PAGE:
SHANGHAI (AFP) - China's central bank on Monday lowered minimum downpayment levels on second homes nationwide, scrapping a key policy originally aimed at controlling housing prices as it seeks to boost the economy.
The People's Bank of China (PBoC), the central bank, said the minimum deposit for individuals buying additional housing would be set at 40 per cent, according to a statement on its website.
The level was previously 60 to 70 per cent, China's official Xinhua news agency said.
The PBoC said the move was aimed at "supporting residents' home ownership and improving housing demand".
The announcement rolls back a four-year-old policy first introduced to try to cool the then red-hot property market as rocketing prices put homes out of the reach of many, raising worries over social unrest.
The move comes as China's growth falters, leading to widespread expectations that policymakers will have to boost the world's second-largest economy through further monetary loosening.
China's gross domestic product grew 7.4 per cent last year, the slowest in nearly a quarter of a century.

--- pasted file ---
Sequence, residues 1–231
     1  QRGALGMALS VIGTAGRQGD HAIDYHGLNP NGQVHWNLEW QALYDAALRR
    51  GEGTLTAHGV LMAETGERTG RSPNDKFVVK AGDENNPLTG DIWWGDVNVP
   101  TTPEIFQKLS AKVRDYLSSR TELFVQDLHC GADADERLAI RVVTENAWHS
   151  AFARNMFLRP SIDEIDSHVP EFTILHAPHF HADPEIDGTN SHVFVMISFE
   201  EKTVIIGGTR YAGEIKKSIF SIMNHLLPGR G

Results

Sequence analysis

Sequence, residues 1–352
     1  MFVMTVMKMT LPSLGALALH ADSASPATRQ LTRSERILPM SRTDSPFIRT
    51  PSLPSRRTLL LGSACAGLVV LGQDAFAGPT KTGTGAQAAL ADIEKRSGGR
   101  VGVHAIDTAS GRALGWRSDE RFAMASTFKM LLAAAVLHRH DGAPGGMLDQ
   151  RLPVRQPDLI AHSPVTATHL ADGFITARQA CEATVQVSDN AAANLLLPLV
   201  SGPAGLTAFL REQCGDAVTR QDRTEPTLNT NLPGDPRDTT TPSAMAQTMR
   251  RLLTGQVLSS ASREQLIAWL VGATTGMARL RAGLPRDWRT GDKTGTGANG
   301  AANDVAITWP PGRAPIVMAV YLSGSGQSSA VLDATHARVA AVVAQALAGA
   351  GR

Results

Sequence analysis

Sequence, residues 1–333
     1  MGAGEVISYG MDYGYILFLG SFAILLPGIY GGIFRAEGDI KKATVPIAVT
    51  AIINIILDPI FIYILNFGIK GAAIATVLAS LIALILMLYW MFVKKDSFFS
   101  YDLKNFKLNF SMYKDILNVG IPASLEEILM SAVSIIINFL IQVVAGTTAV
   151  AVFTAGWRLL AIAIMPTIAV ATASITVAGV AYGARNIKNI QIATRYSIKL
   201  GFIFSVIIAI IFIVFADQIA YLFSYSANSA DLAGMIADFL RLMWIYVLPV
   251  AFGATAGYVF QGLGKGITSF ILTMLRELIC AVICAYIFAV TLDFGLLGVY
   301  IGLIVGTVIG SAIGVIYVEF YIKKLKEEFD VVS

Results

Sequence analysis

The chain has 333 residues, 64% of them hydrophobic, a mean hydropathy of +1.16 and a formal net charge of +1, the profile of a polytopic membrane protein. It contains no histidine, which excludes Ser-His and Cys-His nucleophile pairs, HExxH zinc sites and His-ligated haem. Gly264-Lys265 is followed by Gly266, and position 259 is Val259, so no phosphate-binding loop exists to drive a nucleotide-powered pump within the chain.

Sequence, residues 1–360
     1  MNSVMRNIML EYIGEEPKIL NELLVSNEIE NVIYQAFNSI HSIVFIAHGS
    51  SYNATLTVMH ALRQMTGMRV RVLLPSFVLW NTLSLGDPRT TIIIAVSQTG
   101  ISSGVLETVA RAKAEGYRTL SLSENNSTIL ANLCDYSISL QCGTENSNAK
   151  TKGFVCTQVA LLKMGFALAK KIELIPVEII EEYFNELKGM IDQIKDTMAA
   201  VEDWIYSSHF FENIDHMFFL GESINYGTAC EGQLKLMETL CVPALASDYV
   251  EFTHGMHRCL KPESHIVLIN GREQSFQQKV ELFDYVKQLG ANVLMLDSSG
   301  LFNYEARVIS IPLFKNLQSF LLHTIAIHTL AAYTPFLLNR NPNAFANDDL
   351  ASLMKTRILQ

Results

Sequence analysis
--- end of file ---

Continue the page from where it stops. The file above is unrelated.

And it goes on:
The central bank has already cut interest rates twice since November and in February it also lowered the bank reserve ratio - the percentage of funds banks must hold in reserve.
Property investment is a key driver for China's economy, while land sales are a major source of revenue for cash-strapped local governments, which have been feeling the pinch as the economy has slowed.
"The cut (in down payments) will strongly support the property market... especially in first- and second-tier cities," Le Jiadong, a property analyst at Guangfa Securities, told AFP.
"Introducing this policy at this time fits the situation of the property market's development," he said, adding expectations had been for the government to cut the downpayment level to 50 percent.
China's housing prices fell in February, with the average price of a new home in China's 100 major cities edging down 0.24 per cent from January to 10,539 yuan (S$2,330) per square metre, according to the China Index Academy.